5. Carroll BJ, Schroeder K, Mukhopadhyay S, Greden JF, Feinberg M, Ritchie J, Tarika J. Plasma dexamethasone concentrations and cortisol suppression response in patients with endogenous depression. J Clin Endocrinol Metab. 1980;51:433-7.
6. Product Information. Decadron (dexamethasone). Merck & Co., Inc. 2001.
7. Jaime Vazquez J. Persistent hiccup as a side-effect of dexamethasone treatment. Hum Exp Toxicol. 1993;12:52.
8. Kanwar AJ, Kaur S, Dhar S, Ghosh S. Hiccup--a side-effect of pulse therapy. Dermatology. 1993;187:279.
9. Fadul CE, Lemann W, Thaler HT, Posner JB. Perforation of the gastrointestinal tract in patients receiving steroids for neurologic disease. Neurology. 1988;38:348-52.
10. McDonnell M, Evans N. Upper and lower gastrointestinal complications with dexamethasone despite H2 antagonists. J Paediatr Child Health. 1995;31:152-4.
11. Whitmore SE. Dexamethasone injection-induced generalized dermatitis. Br J Dermatol. 1994;131:296-7.
12. New MI, Peterson RE, Saenger P, Levine LS. Evidence for an unidentified ACTH-induced steroid hormone causing hypertension. J Clin Endocrinol Metab. 1976;43:1283-93.
13. Spenney JG, Eure CA, Kreisberg RA. Hyperglycemic, hyperosmolar, nonketoacidotic diabetes. A complication of steroid and immunosupressive therapy. Diabetes. 1969;18:107-10.
14. Ludvik B, Clodi M, Kautzky-Willer A, Capek M, Hartter E, Pacini G, Prager R. Effect of dexamethasone on insulin sensitivity, islet amyloid polypeptide and insulin secretion in humans. Diabetologia. 1993;36:84-7.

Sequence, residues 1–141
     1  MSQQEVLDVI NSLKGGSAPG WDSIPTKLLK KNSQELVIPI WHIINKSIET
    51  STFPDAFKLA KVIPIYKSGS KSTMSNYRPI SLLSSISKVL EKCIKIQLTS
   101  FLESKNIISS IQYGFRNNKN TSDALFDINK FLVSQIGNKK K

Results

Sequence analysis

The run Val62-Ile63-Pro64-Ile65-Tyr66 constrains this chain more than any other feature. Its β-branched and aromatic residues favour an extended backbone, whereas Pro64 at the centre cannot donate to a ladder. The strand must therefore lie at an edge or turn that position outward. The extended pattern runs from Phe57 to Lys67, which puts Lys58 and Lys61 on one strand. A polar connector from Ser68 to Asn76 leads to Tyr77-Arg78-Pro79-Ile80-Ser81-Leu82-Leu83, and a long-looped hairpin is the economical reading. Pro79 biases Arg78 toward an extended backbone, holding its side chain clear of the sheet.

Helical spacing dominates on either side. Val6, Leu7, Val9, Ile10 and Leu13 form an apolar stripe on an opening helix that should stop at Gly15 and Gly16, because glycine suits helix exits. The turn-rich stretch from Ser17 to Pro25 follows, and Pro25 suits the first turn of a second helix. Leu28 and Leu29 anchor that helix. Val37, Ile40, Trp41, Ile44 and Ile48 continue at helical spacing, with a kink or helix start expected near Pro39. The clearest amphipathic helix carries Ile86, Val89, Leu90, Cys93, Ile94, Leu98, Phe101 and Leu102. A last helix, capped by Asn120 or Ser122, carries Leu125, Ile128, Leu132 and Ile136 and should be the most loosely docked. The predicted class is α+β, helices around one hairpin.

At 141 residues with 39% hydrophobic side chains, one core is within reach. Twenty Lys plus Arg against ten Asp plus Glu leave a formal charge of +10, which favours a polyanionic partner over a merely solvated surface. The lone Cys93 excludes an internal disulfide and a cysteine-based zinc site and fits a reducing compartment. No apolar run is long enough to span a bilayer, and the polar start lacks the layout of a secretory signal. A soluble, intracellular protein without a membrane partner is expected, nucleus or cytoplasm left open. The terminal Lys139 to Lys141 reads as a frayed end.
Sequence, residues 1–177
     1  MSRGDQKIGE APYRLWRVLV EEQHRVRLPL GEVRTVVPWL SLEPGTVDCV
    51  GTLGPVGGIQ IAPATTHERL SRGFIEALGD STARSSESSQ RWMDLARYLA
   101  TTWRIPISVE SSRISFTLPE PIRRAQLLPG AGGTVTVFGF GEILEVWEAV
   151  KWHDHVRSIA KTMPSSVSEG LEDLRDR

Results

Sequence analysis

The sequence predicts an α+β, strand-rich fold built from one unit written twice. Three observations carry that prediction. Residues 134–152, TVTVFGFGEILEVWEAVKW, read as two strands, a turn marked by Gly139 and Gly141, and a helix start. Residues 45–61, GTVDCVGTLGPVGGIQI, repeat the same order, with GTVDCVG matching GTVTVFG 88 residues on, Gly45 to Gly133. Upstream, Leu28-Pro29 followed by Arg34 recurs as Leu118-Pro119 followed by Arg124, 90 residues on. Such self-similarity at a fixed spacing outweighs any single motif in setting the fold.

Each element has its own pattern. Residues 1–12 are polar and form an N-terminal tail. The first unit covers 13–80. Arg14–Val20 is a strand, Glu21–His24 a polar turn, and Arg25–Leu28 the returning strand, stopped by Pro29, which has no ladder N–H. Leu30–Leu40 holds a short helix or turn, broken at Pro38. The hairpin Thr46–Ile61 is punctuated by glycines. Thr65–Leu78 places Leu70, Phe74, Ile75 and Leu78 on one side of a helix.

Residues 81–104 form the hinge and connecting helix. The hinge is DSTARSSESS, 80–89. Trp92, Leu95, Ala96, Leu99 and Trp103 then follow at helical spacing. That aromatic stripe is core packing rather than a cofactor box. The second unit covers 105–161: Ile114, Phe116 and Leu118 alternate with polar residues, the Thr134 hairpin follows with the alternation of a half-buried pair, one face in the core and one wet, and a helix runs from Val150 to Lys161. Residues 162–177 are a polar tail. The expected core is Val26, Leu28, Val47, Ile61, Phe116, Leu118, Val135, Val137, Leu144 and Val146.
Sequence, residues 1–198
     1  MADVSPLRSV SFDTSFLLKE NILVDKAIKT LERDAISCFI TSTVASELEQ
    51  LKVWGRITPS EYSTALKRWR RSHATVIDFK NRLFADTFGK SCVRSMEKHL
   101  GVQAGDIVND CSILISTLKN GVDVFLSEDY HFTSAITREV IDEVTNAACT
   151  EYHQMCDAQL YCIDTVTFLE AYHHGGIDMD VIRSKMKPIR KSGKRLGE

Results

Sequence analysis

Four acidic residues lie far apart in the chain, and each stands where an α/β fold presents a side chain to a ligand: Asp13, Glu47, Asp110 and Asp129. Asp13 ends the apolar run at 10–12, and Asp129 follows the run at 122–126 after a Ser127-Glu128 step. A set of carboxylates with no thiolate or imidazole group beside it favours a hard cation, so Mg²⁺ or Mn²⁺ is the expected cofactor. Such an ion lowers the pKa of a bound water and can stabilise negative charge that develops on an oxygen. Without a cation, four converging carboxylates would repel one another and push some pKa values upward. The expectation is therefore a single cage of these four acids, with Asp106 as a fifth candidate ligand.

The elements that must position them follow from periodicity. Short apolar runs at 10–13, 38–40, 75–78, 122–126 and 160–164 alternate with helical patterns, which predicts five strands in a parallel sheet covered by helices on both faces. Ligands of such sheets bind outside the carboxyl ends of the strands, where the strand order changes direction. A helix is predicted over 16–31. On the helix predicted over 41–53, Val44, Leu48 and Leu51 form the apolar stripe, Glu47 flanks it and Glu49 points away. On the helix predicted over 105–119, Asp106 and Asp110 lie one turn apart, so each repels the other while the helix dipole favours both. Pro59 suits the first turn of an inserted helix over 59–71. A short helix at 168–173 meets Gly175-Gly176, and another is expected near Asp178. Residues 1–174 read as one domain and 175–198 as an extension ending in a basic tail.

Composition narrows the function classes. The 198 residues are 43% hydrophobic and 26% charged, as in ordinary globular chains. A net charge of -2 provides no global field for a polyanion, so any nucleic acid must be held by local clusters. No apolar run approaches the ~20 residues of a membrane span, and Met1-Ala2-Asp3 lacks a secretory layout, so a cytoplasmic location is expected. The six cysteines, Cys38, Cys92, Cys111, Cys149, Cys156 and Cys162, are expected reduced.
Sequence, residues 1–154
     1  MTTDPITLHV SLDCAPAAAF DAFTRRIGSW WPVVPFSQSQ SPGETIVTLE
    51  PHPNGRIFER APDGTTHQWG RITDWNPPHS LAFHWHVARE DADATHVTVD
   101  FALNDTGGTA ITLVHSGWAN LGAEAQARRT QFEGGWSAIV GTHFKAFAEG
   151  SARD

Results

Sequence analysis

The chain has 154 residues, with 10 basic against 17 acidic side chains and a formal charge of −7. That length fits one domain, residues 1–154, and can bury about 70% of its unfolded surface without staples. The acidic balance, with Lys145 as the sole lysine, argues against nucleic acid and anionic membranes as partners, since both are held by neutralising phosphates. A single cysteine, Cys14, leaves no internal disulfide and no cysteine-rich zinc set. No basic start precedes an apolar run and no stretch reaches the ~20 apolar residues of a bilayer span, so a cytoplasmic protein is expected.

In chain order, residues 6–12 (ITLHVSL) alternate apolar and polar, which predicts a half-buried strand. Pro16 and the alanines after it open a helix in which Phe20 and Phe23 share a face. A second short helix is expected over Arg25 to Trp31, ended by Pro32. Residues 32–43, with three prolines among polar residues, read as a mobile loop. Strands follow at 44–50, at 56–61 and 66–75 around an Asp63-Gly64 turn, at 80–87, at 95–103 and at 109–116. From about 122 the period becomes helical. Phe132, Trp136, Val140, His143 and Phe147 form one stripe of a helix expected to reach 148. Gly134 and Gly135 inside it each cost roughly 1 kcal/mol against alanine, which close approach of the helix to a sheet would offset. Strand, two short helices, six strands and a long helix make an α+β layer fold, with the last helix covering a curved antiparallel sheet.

15. Tsoi WW. Cushing's syndrome caused by analgesic/dexamethasone preparation. Ann Pharmacother. 1994;28:1411.
16. Kobayashi Y, Akaishi K, Nishio T, Kimura Y. Posterior subcapsular cataract in nephrotic children receiving steroid therapy. Am J Dis Child. 1974;128:671-3.
17. Bluming AZ, Zeegen P. Cataracts induced by intermittent Decadron used as an antiemetic. J Clin Oncol. 1986;4:221-3.
18. Godel V, Regenbogen L, Stein R. On the mechanism of corticosteroid-induced ocular hypertension. Ann Ophthalmol. 1978;10:191-6.
19. Francois J. Corticosteroid glaucoma. Ann Ophthalmol. 1977;9:1075-80.
20. Schmidt GB, Meier MA, Sadove MS. Sudden appearance of cardiac arrhythmias after dexamethasone. JAMA. 1972;221:1402-4.
21. Rao G, Zikria EA, Miller WH, Samadani SR, Ford WB. Cardiac arrhythmias after dexamethasone. JAMA. 1972;222:1185.
Always consult your healthcare provider to ensure the information displayed on this page applies to your personal circumstances.
Some side effects may not be reported. You may report them to the FDA.